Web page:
Having censured the outcome of a Southern African Development Community summit last week that seemed to comfort President Robert Mugabe, Zimbabwe's opposition Monday repositioned to spin the summit as a tacit regional criticism of Mr. Mugabe.
Opposition leaders last week labeled as "dishonest" the summit communique, which named South African President Thabo Mbeki a mediator in the crisis, urged dialogue in Harare and urged the West to lift sanctions on Mr. Mugabe and his inner circle.
But MDC founder Morgan Tsvangirai and rival MDC faction leader Arthur Mutambara Monday portrayed the SADC summit in a more positive light, saying that the very fact that the regional body saw the need for an extraordinary summit to address the crisis in Zimbabwe signaled how deep the political and economic crisis has become.
Tsvangirai told reporters in Johannesburg, South Africa, where he was seeing doctors for a possible skull fracture caused by beatings while in police custody in March, that the summit was quote ?a positive step.? He said he had ?no doubt? that South African President Thabo Mbeki, named mediator in the Zimbabwe crisis, would use all of the authority invested in him by the regional grouping to resolve the crisis.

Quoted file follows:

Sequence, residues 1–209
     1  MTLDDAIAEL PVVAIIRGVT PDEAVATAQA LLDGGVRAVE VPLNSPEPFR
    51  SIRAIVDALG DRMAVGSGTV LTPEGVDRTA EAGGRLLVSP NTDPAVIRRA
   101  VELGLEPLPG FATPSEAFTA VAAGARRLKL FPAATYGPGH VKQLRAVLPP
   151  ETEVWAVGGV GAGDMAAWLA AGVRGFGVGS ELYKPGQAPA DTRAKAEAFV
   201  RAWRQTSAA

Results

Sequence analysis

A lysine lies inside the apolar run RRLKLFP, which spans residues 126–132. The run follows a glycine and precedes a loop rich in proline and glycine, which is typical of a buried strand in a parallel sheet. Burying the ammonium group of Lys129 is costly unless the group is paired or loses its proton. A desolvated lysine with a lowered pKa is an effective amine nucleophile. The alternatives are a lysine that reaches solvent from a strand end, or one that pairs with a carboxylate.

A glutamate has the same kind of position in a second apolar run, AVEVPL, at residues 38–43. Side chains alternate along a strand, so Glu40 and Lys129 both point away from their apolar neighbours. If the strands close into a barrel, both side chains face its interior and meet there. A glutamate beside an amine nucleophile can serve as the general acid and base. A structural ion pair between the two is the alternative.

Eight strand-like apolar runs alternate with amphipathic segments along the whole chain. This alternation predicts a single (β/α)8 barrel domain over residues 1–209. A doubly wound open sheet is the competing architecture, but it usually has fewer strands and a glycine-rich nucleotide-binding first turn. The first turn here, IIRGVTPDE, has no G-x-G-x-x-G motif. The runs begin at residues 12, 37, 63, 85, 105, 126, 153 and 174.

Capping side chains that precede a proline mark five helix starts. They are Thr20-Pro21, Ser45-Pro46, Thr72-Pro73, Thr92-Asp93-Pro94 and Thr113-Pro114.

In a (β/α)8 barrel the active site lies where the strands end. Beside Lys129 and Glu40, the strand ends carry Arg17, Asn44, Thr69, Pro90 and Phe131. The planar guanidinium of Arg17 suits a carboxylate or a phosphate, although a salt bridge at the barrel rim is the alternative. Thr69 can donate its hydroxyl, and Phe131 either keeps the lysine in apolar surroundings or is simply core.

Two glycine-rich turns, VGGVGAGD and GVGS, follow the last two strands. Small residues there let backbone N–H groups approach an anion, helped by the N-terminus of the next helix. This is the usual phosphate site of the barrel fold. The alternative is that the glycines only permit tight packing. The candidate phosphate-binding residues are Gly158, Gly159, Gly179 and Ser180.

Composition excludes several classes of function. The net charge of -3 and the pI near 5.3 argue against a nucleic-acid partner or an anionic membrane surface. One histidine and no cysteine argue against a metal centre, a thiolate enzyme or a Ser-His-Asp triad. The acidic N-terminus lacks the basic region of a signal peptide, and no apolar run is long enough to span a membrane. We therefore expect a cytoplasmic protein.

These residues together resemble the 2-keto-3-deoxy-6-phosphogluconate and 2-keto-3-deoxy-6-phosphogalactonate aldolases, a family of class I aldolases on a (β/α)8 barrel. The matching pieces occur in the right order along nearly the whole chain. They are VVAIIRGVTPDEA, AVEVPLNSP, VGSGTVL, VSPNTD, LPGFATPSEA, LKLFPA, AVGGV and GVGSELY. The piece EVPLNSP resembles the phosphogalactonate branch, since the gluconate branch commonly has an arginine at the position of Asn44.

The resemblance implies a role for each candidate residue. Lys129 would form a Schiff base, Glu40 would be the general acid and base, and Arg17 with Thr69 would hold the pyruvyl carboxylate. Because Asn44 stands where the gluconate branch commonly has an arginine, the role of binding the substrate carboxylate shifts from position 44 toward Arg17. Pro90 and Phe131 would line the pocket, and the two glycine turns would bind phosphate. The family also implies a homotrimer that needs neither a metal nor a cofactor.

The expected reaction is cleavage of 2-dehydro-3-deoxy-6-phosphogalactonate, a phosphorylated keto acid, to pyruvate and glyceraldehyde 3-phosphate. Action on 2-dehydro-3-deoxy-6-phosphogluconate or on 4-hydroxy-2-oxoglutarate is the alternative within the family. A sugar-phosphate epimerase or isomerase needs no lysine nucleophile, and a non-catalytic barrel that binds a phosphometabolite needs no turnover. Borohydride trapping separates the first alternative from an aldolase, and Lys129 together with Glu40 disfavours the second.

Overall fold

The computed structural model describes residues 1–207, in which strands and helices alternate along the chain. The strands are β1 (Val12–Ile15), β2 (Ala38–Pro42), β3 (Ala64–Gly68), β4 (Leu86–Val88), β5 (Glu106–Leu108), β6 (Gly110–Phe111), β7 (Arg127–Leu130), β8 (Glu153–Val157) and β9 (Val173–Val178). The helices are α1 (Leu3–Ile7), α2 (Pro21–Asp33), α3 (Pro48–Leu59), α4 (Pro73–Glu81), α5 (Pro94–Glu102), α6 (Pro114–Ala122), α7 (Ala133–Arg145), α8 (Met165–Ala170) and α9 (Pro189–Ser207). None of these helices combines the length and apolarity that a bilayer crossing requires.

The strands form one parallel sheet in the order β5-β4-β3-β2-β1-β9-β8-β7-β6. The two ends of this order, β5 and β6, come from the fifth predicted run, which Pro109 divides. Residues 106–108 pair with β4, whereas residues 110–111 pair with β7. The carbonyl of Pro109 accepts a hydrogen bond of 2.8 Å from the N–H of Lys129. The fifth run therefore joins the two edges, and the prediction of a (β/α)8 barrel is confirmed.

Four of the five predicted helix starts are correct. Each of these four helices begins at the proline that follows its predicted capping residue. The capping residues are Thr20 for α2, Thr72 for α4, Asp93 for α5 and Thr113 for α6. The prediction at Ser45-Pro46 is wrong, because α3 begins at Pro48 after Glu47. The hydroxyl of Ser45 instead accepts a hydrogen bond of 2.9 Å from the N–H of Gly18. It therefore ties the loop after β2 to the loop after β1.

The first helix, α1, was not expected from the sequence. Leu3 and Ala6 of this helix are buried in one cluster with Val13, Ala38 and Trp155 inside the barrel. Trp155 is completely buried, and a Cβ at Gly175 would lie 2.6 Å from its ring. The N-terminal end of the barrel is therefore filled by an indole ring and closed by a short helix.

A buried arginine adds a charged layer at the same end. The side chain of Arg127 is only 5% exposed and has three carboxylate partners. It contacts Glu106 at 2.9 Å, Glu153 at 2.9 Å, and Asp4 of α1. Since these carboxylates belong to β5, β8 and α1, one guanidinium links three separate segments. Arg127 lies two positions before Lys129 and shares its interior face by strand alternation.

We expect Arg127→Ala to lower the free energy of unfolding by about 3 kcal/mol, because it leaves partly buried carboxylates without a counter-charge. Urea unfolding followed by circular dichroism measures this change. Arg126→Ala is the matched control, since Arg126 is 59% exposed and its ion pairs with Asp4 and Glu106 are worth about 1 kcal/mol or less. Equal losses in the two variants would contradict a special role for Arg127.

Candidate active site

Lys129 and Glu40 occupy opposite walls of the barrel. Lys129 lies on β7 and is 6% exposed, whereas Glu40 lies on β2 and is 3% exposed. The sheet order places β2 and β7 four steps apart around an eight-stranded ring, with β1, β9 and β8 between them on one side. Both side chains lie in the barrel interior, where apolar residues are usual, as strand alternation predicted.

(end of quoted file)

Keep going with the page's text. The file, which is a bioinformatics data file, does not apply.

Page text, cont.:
Tsvangirai declared that he saw a ?new initiative emerging, which was not driven by South Africa, as has been the case in recent years, but by the entire region.
The MDC faction of Arthur Mutambara also chose to look at the SADC glass as half full. In a Harare news conference Monday attended by diplomats as well as journalists, Mutambara applauded the regional body for acknowledging the national crisis.
He said Mr. Mugabe was deceiving Zimbabweans in claiming SADC backed him up.
Elsewhere, Mutambara pledged his support for the stay-away or general strike called by the Zimbabwe Congress of Trade Unions for Tuesday and Wednesday, and said his faction?s campaign of defiance or civil disobedience would continue.
Mutambara expanded on his position regarding the SADC summit and his strategy in an interview with reporter Patience Rusere of VOA's Studio 7 for Zimbabwe.